There is an island there is no going
to but in a small boat the way
the saints went.
R S Thomas ‘Pilgrimages’
Always the sound of the sea, the singing of the seals, the wind in the grass.
We come over on Benlli III, Colin’s bright yellow catamaran , our luggage and food for the week double-wrapped in plastic.
I am staying at Llofft Plas, a converted barn, on Ynys Enlli (Bardsey Island) with my friend, Kathryn. We have a one room kitchen/living room with a steep ladder stair to the hay loft where we sleep under the eaves. Photovoltaic panels run the fridge-freezer. We cook on a calor gas stove. We rely on torches for light when it eventually gets dark but it’s easier to turn in early. A single self-closing push tap provides well water for drinking (we boil it, then filter it to remove the grit) but for washing we fetch rain water from the big tank in the cobbled yard and heat it on the stove. A door from the kitchen leads down a dark corridor to the compost toilet – we have the only accommodation on the island with an inside loo! Staying on Enlli means accepting that you have to empty your own compost toilet bucket every day.
No internet, no phone, no news(papers).
We explore. There are about 150 seals around the shore – pale, dark or dappled Atlantic greys. They swim languidly towards us, pop their heads out of the water and regard us curiously. Others drape themselves over the rocks doing banana impressions. They snort, belch and sing. A giant black bull seal snarls at a rival who comes too close. A nesting oyster-catcher, nerves on a knife edge, shrieks repeatedly as we walk over the short turf woven with pink thrift. A small group of birds call chack, chack, rise and fall in a fluttery flight with black wing primaries splayed out like fingers – choughs with coral red beaks and legs. We walk the one track south to north, from Y Cafn, where the slipway is, to the ruined tower of the old abbey. Then up to the chapel and the chapel house. I am fascinated by Lord Newborough’s model estate buildings (built in the 1870s): the semi-detached farmhouses and solid farm buildings. Each walled farmyard has its barns, pigsties, hay loft, wooden threshing floor, and a chimneyed stone hut for boiling pig swill. Swallows and house martins find shelter for their nests.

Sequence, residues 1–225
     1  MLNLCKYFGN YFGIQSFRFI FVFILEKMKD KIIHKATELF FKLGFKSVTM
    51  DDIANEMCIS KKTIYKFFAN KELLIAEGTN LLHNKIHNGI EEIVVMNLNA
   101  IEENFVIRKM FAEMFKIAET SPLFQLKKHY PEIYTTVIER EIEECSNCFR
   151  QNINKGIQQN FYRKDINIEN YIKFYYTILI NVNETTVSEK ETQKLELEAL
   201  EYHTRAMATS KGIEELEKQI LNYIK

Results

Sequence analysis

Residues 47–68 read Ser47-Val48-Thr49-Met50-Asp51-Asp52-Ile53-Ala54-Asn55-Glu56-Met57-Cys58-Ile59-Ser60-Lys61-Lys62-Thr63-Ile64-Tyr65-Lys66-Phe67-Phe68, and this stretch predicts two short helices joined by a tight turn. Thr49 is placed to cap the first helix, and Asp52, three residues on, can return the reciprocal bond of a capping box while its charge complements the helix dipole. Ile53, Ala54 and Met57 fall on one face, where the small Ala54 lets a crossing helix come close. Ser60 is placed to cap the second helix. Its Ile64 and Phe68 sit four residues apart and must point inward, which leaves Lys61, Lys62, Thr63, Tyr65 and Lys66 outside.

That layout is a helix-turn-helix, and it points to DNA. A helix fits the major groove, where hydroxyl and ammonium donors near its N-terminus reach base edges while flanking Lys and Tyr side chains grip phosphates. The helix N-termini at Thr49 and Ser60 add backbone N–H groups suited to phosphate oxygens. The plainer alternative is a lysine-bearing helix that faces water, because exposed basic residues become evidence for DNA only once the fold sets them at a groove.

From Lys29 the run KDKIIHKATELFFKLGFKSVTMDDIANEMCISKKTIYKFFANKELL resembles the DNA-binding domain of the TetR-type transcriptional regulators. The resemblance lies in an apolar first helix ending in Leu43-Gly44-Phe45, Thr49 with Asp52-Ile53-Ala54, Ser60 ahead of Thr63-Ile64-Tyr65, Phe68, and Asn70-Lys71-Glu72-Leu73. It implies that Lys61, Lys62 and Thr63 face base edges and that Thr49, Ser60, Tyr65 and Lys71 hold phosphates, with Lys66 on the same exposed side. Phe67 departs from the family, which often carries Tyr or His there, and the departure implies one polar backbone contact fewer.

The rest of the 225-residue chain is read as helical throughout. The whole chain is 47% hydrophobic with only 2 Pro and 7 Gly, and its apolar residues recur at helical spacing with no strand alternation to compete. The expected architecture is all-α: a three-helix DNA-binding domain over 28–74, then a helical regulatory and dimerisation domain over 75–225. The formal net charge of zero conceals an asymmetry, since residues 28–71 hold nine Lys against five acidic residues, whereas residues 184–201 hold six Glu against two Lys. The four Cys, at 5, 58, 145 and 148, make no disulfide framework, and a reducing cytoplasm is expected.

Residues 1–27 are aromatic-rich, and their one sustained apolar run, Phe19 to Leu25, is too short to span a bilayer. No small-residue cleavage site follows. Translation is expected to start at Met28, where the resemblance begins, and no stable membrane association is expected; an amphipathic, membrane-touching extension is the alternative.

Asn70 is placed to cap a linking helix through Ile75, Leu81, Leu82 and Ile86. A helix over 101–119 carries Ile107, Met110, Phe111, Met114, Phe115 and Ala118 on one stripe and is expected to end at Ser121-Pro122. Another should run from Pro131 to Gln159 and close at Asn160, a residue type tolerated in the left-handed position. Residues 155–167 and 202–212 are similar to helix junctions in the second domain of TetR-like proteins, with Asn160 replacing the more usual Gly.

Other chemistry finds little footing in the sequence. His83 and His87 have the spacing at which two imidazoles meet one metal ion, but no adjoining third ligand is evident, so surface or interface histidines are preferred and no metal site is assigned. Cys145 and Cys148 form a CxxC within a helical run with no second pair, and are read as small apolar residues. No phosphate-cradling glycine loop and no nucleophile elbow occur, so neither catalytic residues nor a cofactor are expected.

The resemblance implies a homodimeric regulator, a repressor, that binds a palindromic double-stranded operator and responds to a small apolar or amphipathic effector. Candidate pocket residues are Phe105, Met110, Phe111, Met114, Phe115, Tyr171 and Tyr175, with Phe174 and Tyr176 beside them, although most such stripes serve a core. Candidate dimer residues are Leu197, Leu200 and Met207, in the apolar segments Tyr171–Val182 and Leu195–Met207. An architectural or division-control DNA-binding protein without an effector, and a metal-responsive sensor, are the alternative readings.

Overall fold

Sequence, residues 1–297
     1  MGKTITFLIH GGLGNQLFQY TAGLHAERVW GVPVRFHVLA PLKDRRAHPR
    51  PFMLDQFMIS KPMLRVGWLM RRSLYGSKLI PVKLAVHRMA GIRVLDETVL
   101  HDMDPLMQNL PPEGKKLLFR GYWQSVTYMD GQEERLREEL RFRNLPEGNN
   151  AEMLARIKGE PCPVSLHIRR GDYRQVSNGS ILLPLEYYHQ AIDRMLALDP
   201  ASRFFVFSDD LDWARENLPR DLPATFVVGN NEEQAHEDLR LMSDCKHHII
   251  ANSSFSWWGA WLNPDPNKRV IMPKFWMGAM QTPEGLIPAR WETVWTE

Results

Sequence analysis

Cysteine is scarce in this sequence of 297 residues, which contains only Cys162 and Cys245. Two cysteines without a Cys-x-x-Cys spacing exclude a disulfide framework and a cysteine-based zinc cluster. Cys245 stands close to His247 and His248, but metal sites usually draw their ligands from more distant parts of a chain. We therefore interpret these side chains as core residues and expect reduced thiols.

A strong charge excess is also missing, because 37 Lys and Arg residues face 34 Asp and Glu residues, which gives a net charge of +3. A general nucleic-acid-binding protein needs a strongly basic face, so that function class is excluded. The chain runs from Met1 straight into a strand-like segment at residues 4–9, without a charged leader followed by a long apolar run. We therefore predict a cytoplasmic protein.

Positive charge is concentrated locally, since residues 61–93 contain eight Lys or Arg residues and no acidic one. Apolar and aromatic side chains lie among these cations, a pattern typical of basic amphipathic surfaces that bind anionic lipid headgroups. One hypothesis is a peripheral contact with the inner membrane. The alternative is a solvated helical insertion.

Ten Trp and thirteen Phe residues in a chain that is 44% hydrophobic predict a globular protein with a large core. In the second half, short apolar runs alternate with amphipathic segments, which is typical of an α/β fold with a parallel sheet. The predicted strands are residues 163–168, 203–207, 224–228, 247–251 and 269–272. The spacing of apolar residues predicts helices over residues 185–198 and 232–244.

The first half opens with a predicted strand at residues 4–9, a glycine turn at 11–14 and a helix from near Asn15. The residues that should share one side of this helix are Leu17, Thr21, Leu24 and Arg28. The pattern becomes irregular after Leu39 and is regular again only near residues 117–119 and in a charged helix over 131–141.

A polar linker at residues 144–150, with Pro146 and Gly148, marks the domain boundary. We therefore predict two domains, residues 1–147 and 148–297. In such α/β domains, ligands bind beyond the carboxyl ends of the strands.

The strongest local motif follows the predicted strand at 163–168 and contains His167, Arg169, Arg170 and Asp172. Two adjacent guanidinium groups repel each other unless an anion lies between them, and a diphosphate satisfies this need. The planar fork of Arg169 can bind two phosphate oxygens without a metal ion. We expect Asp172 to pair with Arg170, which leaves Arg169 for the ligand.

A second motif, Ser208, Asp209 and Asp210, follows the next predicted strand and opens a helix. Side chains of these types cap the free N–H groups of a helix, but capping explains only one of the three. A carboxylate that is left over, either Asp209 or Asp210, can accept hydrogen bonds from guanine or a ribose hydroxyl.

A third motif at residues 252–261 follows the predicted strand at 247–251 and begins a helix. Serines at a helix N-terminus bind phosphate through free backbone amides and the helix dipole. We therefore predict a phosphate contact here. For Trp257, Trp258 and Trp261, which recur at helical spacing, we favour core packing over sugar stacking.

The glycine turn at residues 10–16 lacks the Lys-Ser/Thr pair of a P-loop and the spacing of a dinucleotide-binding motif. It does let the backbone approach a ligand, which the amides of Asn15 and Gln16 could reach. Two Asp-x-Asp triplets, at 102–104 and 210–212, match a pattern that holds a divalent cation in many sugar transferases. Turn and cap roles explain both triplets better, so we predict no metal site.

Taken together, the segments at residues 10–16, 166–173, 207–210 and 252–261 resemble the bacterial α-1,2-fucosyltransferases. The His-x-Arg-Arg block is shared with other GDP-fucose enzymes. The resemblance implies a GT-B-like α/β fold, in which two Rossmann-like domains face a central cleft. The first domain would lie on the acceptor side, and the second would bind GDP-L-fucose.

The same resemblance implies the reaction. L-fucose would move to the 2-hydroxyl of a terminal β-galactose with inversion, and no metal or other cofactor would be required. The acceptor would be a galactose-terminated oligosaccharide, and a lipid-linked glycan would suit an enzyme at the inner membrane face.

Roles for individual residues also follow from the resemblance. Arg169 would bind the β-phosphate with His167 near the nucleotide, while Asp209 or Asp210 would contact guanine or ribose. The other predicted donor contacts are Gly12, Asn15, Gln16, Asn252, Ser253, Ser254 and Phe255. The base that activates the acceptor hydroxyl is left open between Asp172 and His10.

The night spirits of the island move in from the ocean: shearwater after shearwater cackled and laughed.
(Brenda Chamberlain Tide-Race)
We go on a night walk with Steve, the Bird Observatory warden, to see the Manx shearwaters and storm petrels. We leave at 11.30pm and walk with our torches to the valley at the North End. To me the sound of the birds is more like a shed full of turkeys and the noise goes on through the darkness. The “Manxies”, like the whirring chirring storm petrels, only come in off the sea to their nests at night to avoid predators. The birds are lit up by our torch beams as they swish through the air and crash down near their nesting holes. Steve tells us there are an estimated 22,000 shearwaters on the island. We watch the delicate process of ringing the birds’ legs and Steve invites us to smell a storm petrel. Salty? Fishy? No, more like a vintage clothes shop. It’s 2am when we get back to our hay loft.